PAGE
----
I love my child more than you love your child, there, I said it.  I am not saying this to be cruel or hurtful.  I am not doubting how much love you have for your child.  I am saying this because as any bereaved parent can tell you, it is true.  I am completely aware of how much love a parent has for their child.  From the moment I saw my daughter's puffy squishy face I fell hard for her.  It's not the kind of love you have for a friend, or sibling or even spouse.  It is it's own unique brand it is is unbreakable.

When I say that I fell hard for my daughter I mean it.  People tell you that until you become a parent you can never imagine what that love feels like.  That is true.  I can't even begin to explain how much love I felt for my daughter from the moment I held her in my arms My heart felt like it was going to explode.  I literally couldn't take my eyes off of her.  While there are many people in my life that I love, this love was so much more intense.  I am not saying that I love my daughter more than my husband, I don't.  There is no way to compare the two types of love, parental and romantic.  All I know is if I met my husband for the first time covered in blood and amniotic fluid and he was naked and crying I don't think it would have been the same.

From my experience of having a child and knowing that kind love I do not doubt any parent's love for their child.  Even in those moments when their patience is being tested to the max while their toddler is sprawled out on the grocery aisle floor flailing wildly and the parent is wondering if they can just walk away and pretend it is someone Else's child, there is love.  It is a deep, ever growing, unbreakable love.  It's the kind of love that enables a parent to get through the sleepless nights of caring for a newborn.  It's the kind of love that endures the years of teenage angst.  It is powerful stuff.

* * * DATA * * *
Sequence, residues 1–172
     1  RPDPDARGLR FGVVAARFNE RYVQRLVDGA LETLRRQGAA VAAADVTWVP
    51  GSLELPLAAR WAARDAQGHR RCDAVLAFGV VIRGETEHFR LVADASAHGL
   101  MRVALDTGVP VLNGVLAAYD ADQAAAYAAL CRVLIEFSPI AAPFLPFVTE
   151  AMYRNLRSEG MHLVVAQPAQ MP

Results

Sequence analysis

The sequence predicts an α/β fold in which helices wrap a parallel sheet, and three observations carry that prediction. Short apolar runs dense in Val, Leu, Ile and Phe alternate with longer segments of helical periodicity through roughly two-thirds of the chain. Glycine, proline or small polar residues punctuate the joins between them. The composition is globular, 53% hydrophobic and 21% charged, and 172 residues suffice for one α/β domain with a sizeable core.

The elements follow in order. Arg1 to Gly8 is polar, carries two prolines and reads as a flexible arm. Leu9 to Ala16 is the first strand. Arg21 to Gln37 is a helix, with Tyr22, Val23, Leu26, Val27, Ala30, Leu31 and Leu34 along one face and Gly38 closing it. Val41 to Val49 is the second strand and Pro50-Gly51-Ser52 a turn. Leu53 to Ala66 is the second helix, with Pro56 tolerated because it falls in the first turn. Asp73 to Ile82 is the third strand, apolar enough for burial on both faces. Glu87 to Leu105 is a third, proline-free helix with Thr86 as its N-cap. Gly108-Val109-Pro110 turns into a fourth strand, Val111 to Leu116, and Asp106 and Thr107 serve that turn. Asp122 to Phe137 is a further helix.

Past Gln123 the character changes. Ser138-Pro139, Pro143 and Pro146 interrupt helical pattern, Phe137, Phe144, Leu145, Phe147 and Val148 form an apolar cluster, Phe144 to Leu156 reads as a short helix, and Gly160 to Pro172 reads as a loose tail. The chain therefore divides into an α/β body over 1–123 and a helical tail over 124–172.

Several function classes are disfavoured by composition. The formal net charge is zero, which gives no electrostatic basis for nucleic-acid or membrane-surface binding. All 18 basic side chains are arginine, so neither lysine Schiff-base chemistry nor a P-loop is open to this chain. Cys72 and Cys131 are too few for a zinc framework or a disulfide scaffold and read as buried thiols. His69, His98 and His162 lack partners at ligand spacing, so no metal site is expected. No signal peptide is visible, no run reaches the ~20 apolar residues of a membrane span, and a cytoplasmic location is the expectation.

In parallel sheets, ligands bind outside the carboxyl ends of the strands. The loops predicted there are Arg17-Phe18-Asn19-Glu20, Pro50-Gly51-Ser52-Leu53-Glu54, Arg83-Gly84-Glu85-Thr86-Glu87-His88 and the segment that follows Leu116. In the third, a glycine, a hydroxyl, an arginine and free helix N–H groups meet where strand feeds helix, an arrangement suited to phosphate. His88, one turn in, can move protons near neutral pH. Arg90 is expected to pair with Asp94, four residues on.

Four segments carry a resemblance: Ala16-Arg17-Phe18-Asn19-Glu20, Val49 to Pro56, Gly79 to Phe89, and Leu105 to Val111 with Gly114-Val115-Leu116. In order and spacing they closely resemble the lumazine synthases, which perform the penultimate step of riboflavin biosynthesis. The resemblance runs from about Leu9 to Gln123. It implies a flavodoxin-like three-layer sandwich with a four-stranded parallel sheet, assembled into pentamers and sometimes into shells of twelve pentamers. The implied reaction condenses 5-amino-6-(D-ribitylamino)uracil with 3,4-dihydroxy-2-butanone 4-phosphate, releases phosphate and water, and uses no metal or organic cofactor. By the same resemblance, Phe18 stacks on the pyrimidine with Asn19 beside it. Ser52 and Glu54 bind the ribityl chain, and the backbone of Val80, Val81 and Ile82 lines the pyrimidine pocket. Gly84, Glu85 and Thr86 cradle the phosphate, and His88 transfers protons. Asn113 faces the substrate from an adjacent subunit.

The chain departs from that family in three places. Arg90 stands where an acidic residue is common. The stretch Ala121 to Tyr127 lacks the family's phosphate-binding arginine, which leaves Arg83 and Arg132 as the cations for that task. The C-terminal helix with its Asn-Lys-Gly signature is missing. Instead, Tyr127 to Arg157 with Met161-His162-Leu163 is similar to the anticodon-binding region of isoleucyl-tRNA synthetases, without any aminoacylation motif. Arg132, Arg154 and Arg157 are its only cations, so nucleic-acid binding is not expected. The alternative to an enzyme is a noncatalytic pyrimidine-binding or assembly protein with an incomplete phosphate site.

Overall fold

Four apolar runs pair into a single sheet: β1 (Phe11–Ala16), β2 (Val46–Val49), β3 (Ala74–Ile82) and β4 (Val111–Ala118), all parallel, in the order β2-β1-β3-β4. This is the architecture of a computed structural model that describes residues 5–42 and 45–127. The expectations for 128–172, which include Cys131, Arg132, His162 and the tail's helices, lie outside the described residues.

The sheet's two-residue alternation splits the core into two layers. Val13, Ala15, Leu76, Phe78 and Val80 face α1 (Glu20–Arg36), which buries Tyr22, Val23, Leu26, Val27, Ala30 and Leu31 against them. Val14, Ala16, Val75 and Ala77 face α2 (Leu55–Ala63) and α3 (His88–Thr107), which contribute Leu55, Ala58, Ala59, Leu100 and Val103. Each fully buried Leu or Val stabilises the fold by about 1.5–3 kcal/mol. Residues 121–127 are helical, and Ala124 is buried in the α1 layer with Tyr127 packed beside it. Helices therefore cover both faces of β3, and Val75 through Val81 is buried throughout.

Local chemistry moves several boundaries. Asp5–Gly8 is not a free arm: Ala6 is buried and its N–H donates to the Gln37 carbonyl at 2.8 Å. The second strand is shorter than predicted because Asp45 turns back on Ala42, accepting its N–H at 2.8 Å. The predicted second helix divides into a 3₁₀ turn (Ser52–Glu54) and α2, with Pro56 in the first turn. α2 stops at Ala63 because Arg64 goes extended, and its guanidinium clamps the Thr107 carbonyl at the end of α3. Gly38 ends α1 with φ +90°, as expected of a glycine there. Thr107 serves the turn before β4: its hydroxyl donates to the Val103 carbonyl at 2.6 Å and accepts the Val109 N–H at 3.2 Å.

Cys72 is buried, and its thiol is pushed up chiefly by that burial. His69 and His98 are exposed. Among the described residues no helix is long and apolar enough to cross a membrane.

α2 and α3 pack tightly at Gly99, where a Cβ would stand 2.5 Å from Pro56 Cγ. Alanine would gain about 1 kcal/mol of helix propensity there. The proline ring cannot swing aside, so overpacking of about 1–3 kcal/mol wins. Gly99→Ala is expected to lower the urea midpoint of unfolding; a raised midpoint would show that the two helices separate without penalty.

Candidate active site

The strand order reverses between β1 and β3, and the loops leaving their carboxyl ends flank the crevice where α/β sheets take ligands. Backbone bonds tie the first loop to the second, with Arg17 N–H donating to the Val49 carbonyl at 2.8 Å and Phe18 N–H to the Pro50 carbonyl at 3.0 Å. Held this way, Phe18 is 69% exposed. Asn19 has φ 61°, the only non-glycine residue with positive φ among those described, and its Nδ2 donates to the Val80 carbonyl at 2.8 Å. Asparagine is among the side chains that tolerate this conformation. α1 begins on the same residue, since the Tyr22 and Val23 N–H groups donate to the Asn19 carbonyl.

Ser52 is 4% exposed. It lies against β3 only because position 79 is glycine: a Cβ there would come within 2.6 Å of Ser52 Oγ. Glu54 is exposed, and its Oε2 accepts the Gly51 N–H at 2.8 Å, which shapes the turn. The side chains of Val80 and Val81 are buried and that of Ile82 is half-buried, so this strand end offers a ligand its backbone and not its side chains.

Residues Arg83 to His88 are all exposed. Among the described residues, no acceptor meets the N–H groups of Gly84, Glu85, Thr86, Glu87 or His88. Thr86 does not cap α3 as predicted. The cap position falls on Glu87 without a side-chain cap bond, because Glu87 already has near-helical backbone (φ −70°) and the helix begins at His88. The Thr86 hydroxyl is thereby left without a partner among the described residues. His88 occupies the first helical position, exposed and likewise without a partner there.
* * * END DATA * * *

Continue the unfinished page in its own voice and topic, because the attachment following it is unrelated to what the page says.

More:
Even with the knowledge that I have of how deep a parent's love is for their child I can say with confidence that I love my child more.  It is hard to explain how much deeper my love is now for my daughter than it was fourteen months ago, but it is.

After seeing two of my children die in front of my eyes, in the comfort of their father's arms, I am changed.  I know that Penelope and James have given us many gifts, but the one that I am most thankful for is how they deepened my love for Gwenevere.  There is not a moment that goes by that I am not overwhelmed with gratitude for my oldest daughter.  There are many times that I just look at her and my eyes well up with tears.  I revel in the miracle of her mere presence.  She is here, she is amazing, and she is my child.  

I have had many people tell me how my story has impacted their life.  They hold their babies a little closer, give their children a few more hugs, and appreciate them a little more.  I have know this feeling as well.  Before my twins were born a close family member's daughter was born still.  My heart ached for her family.  I cried many tears over their loss.  I touched my own pregnant belly and I felt guilty that my babies were still here and her baby was gone.  I felt lucky.  But to say that I was equally affected by her loss would be untrue.  It wasn't until the death of my own children that I really knew what loss and despair felt like.